Let us travel in time and turn to the seventies in the nineteenth century. We find ourselves in Bloemfontein, the capital village of the Oranje Vrijstaat, in what is now South Africa. Bleomfontein is young settlement of about thirty years at that time. People from many places have descended on this place. People from Dutch ancestry, German ones, British, Malayan people, people from local communities.
One a stagecoach arrives in Bloemfontein. The exuberant Hirsch family returns from a visit to Germany, a young woman from Scotland is on board. Also the protagonist is on board. He is a Dutchman who has travelled to Bloemfontein to find some relief from his ailments. During the journey to Bloemfontein mister Versluis struggled with his health and upon arrival he is taken to one of the local hotels, run by mrs. Schröder, to recuperate. Dr. Krause visits him on a regular basis. Another regular visitor is reverend Scheffler, pastor of the local Lutheran Church, who was raised on a mission station. In order to get more privacy Versluis moves to a kind of private guesthouse, run by the Dutch lady mrs van Vliet.
Versluis is the outsider and the observer in Bloemfontein. He prefers to stay on the fringes of society eventhough many people welcome him and invite him to their homes. Especially the Hirsch family is keen to welcome him. Scheffler pays regular visits, notwithstanding the clear non-believing views of Versluis. It seems that every European is welcome, very much so, to keep a European stronghold ‘in the heart of Africa’. That is what dr. Kraus told Versluis. Mrs. van Vliet wants to keep a Dutch presence in Bloemfontein. It seems everyone is looking for identity. Where do I belong? Do I belong to Bloemfontein or The Netherlands? To Bloemfontein or Germany? Reverend Scheffler was raised on a mission station, but went to Germany for his theological studies and now serves this congregation in Bloemfontein. Where does he belong? He has decided to choose Africa as his place of home. Who accepts the other in his otherness? When, during a walk, Versluis is caught by a thunderstorm, he is being helped by the Amien, the Malayan coachman of the Hirsch Family. While helping Versluis Amien is chased away by Joseph, one of the black workers at the hotel run by mrs. Schröder.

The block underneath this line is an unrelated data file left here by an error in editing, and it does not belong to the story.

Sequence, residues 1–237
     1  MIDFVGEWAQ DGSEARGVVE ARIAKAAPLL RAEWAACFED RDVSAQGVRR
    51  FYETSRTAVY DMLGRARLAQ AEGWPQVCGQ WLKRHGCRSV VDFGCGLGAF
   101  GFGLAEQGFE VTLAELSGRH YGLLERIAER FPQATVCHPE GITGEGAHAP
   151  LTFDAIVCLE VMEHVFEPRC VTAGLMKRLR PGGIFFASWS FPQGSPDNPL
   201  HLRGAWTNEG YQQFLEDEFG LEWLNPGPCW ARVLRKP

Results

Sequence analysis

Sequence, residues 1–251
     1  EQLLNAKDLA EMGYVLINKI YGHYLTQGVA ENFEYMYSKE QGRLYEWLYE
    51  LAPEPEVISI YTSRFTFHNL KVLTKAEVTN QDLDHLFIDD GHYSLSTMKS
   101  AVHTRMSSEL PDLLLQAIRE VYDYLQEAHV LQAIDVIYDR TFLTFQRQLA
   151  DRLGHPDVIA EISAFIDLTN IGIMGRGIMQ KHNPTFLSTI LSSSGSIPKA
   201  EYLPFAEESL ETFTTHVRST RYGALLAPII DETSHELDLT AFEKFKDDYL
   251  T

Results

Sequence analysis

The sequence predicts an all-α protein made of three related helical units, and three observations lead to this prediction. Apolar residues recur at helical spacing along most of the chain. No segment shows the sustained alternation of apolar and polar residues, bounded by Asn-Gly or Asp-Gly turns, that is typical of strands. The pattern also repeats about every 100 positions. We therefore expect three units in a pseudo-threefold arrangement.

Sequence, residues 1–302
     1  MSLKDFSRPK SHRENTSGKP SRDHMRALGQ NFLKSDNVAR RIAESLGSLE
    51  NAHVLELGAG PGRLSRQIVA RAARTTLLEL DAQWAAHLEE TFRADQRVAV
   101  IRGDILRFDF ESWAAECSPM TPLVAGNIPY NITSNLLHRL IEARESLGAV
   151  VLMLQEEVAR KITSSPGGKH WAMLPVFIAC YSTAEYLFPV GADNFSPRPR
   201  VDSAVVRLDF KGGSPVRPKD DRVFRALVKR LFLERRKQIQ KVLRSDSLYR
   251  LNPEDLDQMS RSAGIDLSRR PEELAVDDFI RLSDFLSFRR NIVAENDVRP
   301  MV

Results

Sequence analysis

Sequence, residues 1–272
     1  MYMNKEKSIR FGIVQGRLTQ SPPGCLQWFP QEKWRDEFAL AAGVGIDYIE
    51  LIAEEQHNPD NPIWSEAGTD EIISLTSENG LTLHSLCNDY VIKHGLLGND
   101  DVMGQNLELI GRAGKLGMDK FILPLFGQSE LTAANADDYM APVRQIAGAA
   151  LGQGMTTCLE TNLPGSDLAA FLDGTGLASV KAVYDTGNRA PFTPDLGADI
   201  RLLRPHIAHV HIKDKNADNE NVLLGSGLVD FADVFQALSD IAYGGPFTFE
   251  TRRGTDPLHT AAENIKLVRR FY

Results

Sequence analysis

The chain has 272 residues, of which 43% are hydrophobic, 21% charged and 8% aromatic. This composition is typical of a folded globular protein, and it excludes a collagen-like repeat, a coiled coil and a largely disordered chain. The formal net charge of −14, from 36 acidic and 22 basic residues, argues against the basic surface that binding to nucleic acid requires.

Next to identity as a theme I saw another theme: emptiness. Versluis does not want to get involved with other people. He wants to be on the fringe of society. Even when people near him (e.g. that Scottish lady with poor health, in the room next to his at the hotel, or fellow Dutchman Gelmers) are close to death he sees first and foremost his own condition and his own longing for distance and privacy. He looks at the emptiness of the area around Bloemfontein. he is welcomed by this emptiness, he is embraced by the silence.
Schoeman has written a book that prepares the reader for slow reading. Do not expect one great event after the other. Look for the small steps, a short sentence spoken. Slow but going strong. One line after the other and Schoeman keeps you attached to what he writes. No distance.
Karel Schoeman – ‘n Ander land – 1984
This novel has been translated into:
English: Another Country, Sinclair-Stevenson, London 1991
German: In einem fremden Land, Knaus, München, 1993
French: En étrange pays, Éditions Robert Laffont, Parijs 1993 / Éditions Rivages, Parijs 1998.